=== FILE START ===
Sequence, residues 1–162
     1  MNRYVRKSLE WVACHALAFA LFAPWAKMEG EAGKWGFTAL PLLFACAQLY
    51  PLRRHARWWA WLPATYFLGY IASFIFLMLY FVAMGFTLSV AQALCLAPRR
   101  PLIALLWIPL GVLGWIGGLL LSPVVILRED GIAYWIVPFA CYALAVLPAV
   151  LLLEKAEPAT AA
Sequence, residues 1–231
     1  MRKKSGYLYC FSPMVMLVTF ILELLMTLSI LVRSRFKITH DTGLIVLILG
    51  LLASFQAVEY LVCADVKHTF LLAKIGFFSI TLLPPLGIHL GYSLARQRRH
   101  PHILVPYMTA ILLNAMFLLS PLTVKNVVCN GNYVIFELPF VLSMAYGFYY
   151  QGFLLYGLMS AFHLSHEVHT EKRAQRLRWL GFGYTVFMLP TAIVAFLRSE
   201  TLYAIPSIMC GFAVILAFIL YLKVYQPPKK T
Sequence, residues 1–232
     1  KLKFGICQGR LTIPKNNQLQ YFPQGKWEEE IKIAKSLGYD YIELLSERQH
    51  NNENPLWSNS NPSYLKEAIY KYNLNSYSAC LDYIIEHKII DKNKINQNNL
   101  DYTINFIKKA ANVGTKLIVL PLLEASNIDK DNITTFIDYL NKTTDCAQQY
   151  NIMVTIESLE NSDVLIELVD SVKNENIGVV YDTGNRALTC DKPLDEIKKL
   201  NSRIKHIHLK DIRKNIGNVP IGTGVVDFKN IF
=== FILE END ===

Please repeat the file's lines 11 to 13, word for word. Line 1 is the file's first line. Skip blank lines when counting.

   201  TLYAIPSIMC GFAVILAFIL YLKVYQPPKK T
Sequence, residues 1–232
     1  KLKFGICQGR LTIPKNNQLQ YFPQGKWEEE IKIAKSLGYD YIELLSERQH